In This Issue
Math Forum Online PD Courses
Math Girls Talk About Trigonometry
Foldable Calendar Polyhedral Models
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PoW taking place: math problemsolving moment of the week

"First I see that it's like a connectthedots. It has an
order but the answer is not always right next to the previous
number. I started by drawing a table.... I found them all out,
but it doesn't answer the question. To find the answer ..."

 Eli, highlighted in the FunPoW's Latest Solution

http://mathforum.org/pows/solution.htm?publication=4512
Math Girls Talk About Trigonometry
https://www.createspace.com/5164921
Bento Books has published the third volume in its Math Girls
spinoff series, Math Girls Talk About...
Math Girls Talk About Trigonometry explores a variety of fun
and informative topics in trigonometry. Check out the first
chapter, full table of contents, and index in this
sample download:
http://bentobooks.com/resources/MGTA3 TrigonometrySample.pdf
This new book ranges from basics like defining the sine
function to less frequently seen topics like Lissajous curves.
It consists of five chapters, each with review problems
and answers:

Round Triangles

Back and Forth

Around and Around

Calculating Pi

Addition Formulas
As with the first two volumes from this series, the math topics
in Math Girls Talk About Trigonometry arise out of
conversations among the characters from the young adult novel
Mathematical Girls — also by author Hiroshi Yuki — the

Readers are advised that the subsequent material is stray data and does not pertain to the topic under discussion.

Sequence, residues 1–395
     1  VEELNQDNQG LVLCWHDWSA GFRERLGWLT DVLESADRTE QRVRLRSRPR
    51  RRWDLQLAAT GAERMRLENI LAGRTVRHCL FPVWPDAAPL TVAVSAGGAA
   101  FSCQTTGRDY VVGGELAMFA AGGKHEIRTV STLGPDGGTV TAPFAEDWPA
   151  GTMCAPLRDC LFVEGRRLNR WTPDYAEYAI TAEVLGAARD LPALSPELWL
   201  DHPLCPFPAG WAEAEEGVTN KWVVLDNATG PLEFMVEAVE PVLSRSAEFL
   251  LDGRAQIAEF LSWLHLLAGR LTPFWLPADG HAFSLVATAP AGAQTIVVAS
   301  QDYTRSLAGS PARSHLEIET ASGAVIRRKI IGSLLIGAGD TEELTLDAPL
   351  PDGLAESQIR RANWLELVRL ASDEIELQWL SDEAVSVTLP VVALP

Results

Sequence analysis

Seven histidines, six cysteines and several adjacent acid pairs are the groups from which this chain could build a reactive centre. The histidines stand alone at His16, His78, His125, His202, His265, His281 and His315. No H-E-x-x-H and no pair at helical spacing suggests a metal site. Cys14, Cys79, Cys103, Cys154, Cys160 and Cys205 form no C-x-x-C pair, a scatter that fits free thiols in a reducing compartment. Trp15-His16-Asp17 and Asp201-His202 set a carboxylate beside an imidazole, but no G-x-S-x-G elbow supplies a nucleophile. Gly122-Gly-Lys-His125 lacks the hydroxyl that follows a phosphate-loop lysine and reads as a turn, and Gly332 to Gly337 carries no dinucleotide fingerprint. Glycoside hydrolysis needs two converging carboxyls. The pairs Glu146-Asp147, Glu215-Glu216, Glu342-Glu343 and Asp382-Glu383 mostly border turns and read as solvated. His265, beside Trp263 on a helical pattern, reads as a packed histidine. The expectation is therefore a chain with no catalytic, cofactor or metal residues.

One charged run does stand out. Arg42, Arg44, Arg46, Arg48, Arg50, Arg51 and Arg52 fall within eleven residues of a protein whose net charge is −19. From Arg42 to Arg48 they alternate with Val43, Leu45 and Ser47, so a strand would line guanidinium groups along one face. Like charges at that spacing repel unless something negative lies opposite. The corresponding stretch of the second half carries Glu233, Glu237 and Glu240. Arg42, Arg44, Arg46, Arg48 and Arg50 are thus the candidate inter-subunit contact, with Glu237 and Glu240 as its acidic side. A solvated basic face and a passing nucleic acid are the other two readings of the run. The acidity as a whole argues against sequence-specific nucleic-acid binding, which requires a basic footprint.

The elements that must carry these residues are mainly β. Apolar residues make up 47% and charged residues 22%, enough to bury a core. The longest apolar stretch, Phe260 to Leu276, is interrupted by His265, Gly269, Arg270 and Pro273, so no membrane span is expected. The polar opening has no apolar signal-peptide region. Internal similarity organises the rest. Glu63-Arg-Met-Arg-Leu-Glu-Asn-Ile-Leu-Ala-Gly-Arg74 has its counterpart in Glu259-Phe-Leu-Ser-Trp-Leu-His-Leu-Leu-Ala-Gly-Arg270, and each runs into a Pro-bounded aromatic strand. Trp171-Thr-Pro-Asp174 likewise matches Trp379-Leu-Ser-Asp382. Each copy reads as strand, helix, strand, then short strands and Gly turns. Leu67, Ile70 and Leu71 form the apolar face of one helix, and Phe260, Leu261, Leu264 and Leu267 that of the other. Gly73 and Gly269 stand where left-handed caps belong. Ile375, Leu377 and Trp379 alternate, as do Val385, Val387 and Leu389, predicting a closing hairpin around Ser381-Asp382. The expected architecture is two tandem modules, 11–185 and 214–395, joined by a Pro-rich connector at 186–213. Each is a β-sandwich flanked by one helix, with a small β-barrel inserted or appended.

Japanese language version of which has already gone through
some twenty printings.
For more of Bento Books' publications, first featured in these
pages three years ago, check out
http://bentobooks.com/publications/

Now taking place: math education conversation of the day

"Given a 3frequency geodesic sphere (icosabased,
ominitriangulated), how many triangular facets does it have,
and how many edges and vertexes? We just need to plug in the 3
to get V (number of vertexes), subtract 2 to get N, then the
ratio N:F:E is 1:2:3, so we're done. But how many sixth graders
even know that? Too much algebra?"

 Kirby, posted to the mathteach discussion

http://mathforum.org/kb/thread.jspa?threadID=2668072
Foldable Calendar Polyhedral Models
http://www.cleavebooks.co.uk/trol/trolqc.htm
Want a 2015 calendar to ring in the new year mathematically? Or
a timely manipulative to engage your geometry students? Or a
lastminute handmade gift for the geekwhohaseverything?
Download a polyhedron net and fold up your own
threedimensional, 365day calendar!
British publishers Cleave Books offer these 3D models
formatted to print out on standard 8.5" × 11" paper:

cones

rhombic prisms

triangular prisms

pentagonal antiprisms

tetrahedra

right pyramids

oblique pyramids

octahedra

rhombohedra

deltadodecahedra

triangular prisms

hexagonal prisms

tetrahedra

flexitetrahedra


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